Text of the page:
None of the helicopter crewmembers said much about the Cau Song Be rescue for more than 40 years.
The pilots considered the mission “just something you did” flying helicopters during the Vietnam War. In addition, several of the pilots had gotten into trouble over the mission, so they kept quiet about it.
Like many other American servicemen who returned from war, the helicopter crewmembers learned friends and family members weren’t always interested in hearing about their combat experiences.
During the mid-1960s, many Americans had tired of the war in Southeast Asia. Some took their cue from the anti-war protesters and blamed the soldiers, airmen, Marines and sailors. Before returning home from a combat tour in Vietnam, many servicemen received briefings about what to do if they encountered people at airports who spit on or attacked them.
The message was clear: Put your wartime service behind you and get on with life.
I was fortunate to live in the Southwestern United States, where members of the military were treated well and held in high esteem. I had no unpleasant encounters on my return home from Vietnam, though I did know people who were welcomed home with spit, catcalls and taunts.
Though wartime experiences were on my mind when I returned home, I discovered the people closest to me did not want to discuss them. They were big deals to me. That’s what I had been doing for 12 months. But those nearest did not want to contemplate my near demise. Whenever I mentioned a close call, the conversation shifted. It was a natural reaction on the part of my friends and family. I understood it.
Life went on because it had to.
My combat tour ended in early February 1968 when I boarded one of the first airline flights home from Vietnam after the Tet Offensive. I could see the bodies of enemy sappers hanging on the fence as my plane took off from Bien Hoa Air Base.
For the next 22 months, I would serve as adjutant and public information officer with the 55th Aviation Battalion at Fort Hood, Texas.
I left the Army in December 1969 as a chief warrant officer and returned to my civilian job as a reporter for The Albuquerque Tribune. I became city editor in 1973. A year later, I moved to southeastern New Mexico as editor of the Roswell Daily Record.
Married just days after my return from Vietnam, my wife and I started a family. Our life involved raising children and building a newspaper career. There was little time to think back to my days in Vietnam or the missions I had flown.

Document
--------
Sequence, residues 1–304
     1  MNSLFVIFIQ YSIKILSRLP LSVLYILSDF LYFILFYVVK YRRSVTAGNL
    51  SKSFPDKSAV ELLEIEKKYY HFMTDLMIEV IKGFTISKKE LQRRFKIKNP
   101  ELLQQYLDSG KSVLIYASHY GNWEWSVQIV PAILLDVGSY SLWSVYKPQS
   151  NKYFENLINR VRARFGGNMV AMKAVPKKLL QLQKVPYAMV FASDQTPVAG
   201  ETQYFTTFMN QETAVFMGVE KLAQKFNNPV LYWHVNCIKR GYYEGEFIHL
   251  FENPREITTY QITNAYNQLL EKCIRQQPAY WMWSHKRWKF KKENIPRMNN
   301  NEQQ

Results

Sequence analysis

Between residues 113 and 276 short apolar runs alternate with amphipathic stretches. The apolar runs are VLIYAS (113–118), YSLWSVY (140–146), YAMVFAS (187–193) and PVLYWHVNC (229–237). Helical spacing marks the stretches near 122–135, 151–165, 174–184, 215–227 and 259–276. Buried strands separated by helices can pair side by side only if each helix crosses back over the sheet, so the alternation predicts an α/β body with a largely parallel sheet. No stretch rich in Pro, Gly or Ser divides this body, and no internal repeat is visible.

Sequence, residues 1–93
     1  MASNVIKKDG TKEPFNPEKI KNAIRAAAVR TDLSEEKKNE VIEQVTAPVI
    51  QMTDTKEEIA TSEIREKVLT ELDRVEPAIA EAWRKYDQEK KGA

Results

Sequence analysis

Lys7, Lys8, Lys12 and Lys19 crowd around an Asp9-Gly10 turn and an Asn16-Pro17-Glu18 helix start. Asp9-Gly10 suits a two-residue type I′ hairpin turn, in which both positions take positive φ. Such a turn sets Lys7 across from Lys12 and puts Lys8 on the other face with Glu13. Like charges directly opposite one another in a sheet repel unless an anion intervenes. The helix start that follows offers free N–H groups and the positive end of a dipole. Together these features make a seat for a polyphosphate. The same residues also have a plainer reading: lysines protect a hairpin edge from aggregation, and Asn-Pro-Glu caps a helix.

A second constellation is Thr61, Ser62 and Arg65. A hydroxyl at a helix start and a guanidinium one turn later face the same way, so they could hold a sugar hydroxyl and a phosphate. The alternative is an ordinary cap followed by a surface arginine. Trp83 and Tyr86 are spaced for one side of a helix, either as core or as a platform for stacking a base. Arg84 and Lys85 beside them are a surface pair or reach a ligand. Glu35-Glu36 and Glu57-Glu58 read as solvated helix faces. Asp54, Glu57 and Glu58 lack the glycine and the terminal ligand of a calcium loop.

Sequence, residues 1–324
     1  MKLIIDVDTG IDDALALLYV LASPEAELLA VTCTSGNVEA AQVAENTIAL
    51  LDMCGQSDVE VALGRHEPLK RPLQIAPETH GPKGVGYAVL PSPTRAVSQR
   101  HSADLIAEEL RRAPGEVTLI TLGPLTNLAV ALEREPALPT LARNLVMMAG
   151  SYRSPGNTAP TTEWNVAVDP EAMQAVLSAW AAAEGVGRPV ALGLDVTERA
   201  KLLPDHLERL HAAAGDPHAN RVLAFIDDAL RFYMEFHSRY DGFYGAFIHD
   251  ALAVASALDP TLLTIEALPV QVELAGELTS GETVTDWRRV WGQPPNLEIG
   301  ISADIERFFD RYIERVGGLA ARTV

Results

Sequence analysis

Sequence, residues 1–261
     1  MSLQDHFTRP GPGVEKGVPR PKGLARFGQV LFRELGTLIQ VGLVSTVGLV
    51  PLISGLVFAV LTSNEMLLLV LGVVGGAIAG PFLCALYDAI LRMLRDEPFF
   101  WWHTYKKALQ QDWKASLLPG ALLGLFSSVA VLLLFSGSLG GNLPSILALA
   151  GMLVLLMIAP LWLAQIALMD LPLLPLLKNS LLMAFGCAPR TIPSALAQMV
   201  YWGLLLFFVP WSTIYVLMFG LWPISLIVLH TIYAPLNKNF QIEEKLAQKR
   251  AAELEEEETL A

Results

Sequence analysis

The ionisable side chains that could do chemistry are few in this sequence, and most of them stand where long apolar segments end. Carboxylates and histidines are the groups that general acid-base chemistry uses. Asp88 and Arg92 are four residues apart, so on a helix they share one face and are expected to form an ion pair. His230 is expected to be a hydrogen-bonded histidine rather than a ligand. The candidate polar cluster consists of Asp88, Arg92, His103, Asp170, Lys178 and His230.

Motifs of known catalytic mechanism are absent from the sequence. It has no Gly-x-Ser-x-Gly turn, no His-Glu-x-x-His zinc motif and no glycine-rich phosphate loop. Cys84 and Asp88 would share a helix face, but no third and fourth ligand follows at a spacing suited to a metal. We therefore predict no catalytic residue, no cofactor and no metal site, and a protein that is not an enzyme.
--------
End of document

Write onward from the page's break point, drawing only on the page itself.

Warrant Officer Tom Baca, the aircraft commander of the other Huey in the Cau Song Be mission, returned home from Vietnam 12 days after the rescue.
Tom became a flight instructor at the U.S. Primary Helicopter Training Center at Fort Wolters, Texas. He lived in nearby Fort Worth, commuting to Fort Wolters for a half day of instructing 5 days each week.
Tom married an Air Force nurse who lived in an adjoining apartment. They would raise 2 daughters.
In 1970, he returned to Vietnam for a second combat tour, this time flying fixed-wing aircraft. He received a direct commission to first lieutenant. Tom would remain in the Army for 20 years and retire as a major.
After the military, he flew corporate jets and helicopters, and later served as the New Mexico state aviation director until his retirement in 2009. He now lives in Albuquerque, his hometown.
Over the years, he thought little about the mission and rarely talked about his first tour in Vietnam.
Captain Larry Liss, Tom Baca’s copilot on the mission, left Vietnam in February 1968, just after the Tet Offensive. Like Tom Baca, Larry was assigned to Fort Wolters as an instructor pilot.
He ended up commanding Charlie 10, in which Tom Baca served. Larry later became an instructor pilot for instructors.
In April 1970, three weeks before being promoted to major, he left the Army. He had a 4-year-old daughter and did not want to leave his family for another combat tour.
A year later, Larry founded Philadelphia-based Flightways Corporation, a regional air carrier, which he sold to Federal Express in 1975. He later became president of the Diversified Environmental Corporation, a $150 million division of the LVI Group.
My copilot on the mission, Warrant Officer Ken Dolan, left Vietnam after completing an 18-month tour. He was assigned to West Germany, where he met and married an Army nurse.
After returning to the United States, Ken left the military. He completed his college degree and began a 28-career with Procter & Gamble. The Dolans raised 2 sons. Ken served another 22 years in the National Guard.
Lt. Al Croteau, who voluntarily flew as the gunner on my Huey the day of the Cau Song Be mission, volunteered for a second tour in Vietnam. He was promoted to captain.
After leaving active duty, Al began a career with General Electric, starting as a chemical engineer. He was a manager in the Turbine Engine Division when he retired 25 years later.
He married, raised a family, and became involved in volunteer and community activities near his home in Andover, Massachusetts.
As the crewmembers of the two Hueys focused on building careers and families, memories of the Cau Song Be mission faded.